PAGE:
Tel Aviv stocks finished Monday with 1% gains as Teva Pharmaceuticals (Nasdaq:TEVA) continued to stride north, after last week's debacle.
The Maof-25 index ended up 1% at 377.3 points and the TA-100 index rose 0.9% to 363.6 points. Tech stocks reversed from a day-long slump to end 0.7% in the green.
Teva's morning gains weakened to leave it ending the day 0.4% down on NIS 33.4 million turnover. The Israeli drugmaker had taken a beating last week on a double whammy: a distaste for pharmas thanks to the Bristol-Myers probe, and the alliance between Pfizer (NYSE:PFE) and Europe's Serono (SEOZ.VX) to market multiple sclerosis drug Rebif in Teva's key U.S. market. Rebif will compete with Teva's multiple-sclerosis treatment Copaxone, which has been a major profit-maker for the Israeli drugmaker. The American MS market is estimated to be worth about $1.3 billion a year.
Analysts last week were saying that another reason for Teva's slump is, simply, that it has become very pricey compared with peer companies.
Its multiples are much higher than other generic drugmakers, and are still so even after last week, Leader DS analyst Ori Hershkovitz points out. Possibly investors are less concerned about multiples in these scandal-rocked days, and have an eye on a company's good name and reliability, Hershkovitz surmises. On Thursday Israel Makov, Teva's CEO, told TheMarker that the company's accounting methods are straightforward and the company is completely transparent.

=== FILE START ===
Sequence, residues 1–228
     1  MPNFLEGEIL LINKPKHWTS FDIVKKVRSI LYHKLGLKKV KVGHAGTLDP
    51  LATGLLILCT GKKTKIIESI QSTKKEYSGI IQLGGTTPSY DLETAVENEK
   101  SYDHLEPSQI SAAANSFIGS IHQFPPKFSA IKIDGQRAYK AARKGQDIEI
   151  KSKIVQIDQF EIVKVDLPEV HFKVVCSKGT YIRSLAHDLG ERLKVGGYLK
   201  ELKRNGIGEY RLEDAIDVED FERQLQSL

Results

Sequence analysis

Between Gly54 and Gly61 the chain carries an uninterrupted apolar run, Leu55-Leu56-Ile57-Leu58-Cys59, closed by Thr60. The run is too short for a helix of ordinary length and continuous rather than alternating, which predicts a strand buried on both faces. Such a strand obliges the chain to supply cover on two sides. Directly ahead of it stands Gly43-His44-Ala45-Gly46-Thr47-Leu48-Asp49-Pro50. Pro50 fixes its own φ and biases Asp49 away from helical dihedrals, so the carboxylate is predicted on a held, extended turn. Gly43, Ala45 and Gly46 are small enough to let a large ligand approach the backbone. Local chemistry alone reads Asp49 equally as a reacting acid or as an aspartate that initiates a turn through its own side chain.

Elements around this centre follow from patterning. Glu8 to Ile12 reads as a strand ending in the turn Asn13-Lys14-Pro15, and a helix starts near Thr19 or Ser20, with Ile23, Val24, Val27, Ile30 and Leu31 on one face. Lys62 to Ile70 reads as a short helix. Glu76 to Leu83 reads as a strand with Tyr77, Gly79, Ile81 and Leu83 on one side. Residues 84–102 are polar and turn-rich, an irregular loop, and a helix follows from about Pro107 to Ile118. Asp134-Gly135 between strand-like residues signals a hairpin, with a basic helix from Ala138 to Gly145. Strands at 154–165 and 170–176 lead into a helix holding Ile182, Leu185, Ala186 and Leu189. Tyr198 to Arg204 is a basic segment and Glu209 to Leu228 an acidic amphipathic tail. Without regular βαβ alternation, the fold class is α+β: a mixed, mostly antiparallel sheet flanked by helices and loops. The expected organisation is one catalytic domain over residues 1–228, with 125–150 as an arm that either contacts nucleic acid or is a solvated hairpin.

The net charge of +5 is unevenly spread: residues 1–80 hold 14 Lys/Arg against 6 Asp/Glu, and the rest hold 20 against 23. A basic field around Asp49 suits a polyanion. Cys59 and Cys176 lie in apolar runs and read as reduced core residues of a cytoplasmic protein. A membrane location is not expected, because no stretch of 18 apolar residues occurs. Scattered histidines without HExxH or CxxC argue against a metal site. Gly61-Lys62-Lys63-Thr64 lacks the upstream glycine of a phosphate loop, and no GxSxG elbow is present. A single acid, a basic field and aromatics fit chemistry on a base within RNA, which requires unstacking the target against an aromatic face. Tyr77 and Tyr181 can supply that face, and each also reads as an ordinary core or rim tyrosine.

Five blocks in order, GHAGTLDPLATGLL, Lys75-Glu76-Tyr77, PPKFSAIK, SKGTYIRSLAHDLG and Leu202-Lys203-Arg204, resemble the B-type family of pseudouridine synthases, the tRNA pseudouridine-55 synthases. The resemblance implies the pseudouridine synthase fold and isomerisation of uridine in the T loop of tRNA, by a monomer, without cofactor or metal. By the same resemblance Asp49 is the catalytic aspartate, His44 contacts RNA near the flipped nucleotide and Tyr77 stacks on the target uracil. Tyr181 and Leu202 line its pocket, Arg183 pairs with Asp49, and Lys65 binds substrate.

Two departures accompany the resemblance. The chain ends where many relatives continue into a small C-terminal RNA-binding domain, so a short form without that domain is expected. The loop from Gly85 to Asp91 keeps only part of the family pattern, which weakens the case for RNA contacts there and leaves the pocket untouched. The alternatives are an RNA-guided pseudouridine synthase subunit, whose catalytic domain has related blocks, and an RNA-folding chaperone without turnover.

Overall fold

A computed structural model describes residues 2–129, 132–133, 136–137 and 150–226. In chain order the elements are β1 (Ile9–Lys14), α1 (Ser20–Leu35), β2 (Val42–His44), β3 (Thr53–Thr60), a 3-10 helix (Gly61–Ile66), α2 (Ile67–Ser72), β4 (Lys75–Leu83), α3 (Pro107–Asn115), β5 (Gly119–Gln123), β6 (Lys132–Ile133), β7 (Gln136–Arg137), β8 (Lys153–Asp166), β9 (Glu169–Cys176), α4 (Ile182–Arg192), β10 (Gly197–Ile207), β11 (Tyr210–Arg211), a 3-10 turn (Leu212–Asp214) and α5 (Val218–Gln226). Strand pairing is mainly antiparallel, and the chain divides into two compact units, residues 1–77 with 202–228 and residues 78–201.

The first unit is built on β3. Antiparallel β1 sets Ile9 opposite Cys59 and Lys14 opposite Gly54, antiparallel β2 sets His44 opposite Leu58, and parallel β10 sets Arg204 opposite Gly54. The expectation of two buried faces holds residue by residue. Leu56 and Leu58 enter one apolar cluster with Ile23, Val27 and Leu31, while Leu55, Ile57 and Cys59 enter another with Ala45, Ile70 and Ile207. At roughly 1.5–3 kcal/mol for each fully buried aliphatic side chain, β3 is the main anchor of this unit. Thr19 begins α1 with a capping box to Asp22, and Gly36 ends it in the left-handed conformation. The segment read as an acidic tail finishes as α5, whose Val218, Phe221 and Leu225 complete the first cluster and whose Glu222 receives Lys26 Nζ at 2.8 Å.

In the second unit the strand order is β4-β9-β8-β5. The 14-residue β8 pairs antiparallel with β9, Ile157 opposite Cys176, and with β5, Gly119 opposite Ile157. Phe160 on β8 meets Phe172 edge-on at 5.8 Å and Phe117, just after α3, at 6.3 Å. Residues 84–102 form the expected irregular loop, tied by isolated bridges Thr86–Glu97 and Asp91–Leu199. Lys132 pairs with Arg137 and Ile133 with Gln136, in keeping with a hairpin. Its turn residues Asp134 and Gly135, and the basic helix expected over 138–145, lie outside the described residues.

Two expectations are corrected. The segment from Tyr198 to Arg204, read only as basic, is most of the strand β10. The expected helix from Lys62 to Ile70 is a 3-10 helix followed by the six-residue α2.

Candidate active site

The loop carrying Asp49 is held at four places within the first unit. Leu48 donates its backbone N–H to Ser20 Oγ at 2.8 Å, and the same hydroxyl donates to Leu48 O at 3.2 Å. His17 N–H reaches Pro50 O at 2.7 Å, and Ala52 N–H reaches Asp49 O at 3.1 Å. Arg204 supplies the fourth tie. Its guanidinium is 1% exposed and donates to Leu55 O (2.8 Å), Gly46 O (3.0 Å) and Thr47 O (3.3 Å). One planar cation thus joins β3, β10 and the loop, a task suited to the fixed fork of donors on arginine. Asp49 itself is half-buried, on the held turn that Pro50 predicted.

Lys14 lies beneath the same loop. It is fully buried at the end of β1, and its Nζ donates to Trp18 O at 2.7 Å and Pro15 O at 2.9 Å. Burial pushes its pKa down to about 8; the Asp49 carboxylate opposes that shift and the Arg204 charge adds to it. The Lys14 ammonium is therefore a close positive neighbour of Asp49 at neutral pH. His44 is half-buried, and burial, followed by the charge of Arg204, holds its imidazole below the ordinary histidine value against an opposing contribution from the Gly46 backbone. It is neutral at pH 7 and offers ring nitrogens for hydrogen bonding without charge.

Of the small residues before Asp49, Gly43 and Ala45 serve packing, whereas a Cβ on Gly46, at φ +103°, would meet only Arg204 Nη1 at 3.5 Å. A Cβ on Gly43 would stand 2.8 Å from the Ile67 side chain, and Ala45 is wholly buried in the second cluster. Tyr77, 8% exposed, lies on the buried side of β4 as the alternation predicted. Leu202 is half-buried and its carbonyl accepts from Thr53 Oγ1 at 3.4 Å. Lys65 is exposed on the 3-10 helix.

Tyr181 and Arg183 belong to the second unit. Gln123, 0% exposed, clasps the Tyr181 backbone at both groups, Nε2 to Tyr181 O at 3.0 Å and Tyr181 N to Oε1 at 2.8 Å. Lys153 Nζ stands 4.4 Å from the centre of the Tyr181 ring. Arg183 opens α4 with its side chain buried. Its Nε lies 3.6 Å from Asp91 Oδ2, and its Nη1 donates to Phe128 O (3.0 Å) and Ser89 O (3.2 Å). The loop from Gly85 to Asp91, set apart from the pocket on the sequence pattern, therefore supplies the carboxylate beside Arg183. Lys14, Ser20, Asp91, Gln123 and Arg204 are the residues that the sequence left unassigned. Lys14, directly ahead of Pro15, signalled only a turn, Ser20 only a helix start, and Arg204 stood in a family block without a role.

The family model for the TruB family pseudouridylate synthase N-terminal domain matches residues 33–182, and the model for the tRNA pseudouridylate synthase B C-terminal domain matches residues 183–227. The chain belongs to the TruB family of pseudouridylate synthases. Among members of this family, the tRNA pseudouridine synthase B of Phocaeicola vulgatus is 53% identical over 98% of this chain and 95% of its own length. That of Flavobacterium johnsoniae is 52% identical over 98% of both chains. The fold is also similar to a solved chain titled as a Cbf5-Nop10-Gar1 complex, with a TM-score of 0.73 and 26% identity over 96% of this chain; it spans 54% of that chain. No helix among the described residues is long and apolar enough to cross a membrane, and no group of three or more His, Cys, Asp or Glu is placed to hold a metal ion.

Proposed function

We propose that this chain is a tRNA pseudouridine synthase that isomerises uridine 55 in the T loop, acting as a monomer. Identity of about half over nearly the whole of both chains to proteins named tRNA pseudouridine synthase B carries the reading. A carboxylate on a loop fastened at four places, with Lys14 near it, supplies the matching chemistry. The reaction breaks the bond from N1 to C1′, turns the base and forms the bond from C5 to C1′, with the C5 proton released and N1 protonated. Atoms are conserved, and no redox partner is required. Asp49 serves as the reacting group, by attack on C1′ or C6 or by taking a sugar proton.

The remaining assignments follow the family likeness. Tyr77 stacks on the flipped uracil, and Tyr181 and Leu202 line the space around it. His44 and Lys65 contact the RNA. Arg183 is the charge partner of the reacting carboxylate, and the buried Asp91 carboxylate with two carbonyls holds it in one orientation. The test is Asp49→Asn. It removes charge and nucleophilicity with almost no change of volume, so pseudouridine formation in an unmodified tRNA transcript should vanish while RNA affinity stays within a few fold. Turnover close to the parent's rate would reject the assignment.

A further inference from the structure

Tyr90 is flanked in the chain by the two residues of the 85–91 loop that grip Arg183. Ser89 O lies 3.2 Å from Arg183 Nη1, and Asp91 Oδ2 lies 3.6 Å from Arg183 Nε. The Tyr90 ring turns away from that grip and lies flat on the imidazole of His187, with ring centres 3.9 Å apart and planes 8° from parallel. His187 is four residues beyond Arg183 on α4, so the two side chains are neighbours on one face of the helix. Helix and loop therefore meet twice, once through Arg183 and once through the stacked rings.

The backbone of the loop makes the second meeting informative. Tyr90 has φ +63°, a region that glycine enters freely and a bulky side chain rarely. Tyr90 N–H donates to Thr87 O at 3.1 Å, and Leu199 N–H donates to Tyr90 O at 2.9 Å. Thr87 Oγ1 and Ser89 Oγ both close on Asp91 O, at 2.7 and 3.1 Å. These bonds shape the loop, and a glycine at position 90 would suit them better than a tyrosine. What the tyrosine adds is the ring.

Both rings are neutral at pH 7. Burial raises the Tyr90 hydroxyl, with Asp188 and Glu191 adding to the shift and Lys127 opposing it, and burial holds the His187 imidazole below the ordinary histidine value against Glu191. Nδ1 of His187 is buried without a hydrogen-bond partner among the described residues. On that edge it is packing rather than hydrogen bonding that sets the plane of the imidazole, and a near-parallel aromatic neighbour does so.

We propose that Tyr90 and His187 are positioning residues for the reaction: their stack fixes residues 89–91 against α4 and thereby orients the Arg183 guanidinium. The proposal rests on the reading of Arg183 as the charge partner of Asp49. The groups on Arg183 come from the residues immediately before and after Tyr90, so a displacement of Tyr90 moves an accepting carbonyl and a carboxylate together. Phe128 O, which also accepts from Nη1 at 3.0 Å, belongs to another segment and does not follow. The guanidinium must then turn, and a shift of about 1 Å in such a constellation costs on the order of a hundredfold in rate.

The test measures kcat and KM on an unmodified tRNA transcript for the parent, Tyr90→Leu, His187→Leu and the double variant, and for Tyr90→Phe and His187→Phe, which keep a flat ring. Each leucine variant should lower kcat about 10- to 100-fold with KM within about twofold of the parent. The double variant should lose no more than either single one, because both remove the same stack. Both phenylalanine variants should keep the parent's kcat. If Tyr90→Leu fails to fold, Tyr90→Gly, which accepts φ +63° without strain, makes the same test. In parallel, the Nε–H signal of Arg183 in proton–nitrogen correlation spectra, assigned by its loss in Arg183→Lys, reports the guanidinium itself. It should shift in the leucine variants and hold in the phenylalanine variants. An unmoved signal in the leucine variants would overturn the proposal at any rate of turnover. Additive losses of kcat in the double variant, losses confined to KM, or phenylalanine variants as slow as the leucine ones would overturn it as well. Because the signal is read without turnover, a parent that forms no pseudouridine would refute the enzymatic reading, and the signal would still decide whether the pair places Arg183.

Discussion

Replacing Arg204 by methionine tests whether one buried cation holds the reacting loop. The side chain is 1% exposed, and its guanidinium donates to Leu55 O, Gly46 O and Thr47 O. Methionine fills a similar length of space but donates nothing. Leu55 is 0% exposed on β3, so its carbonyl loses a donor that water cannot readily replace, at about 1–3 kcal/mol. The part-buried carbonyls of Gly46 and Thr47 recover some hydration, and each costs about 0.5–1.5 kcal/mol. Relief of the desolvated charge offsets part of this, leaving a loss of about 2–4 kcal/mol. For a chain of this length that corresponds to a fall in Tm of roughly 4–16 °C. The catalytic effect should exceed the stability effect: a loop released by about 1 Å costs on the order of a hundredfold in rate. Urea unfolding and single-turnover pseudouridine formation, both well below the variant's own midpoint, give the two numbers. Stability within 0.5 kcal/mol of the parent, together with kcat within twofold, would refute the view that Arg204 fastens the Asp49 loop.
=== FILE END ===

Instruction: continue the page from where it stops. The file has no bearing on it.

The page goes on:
Action has been animated in Matav Cable Systems (Nasdaq:MATV), which rose 1.8% on turnover of NIS 5.6 million, after TheMarker reported a $92 million cash infusion from the banks. To be accurate, the banks are lending Matav the money to equate its debt level per subscriber with that of Israel's other two cable companies. Why would they do that? To facilitate a merger between Matav and the other two, Tevel and Golden Channels. The three companies are, technically, creating a joint subsidiary named Gvanim and one of the key obstacles has been their differing levels of debt, with Tevel having roughly twice that of Matav.
The banks were strong today, with Hapoalim rising 1.2% and Bank Leumi up 2.4%. Discount is gained 2.3% as the cloud of contenders around its subsidiary, Discount New York, continues to swirl. And expand.
Elco lost morning gains of almost 2% to end down 2.1%, after handsome gains of 6.5% on Sunday on the company's announcement of intentions to buy back a million shares. Elco is offering NIS 37 per share, costing it NIS 37 million. that is a premium of 10% above its closing price on Sunday.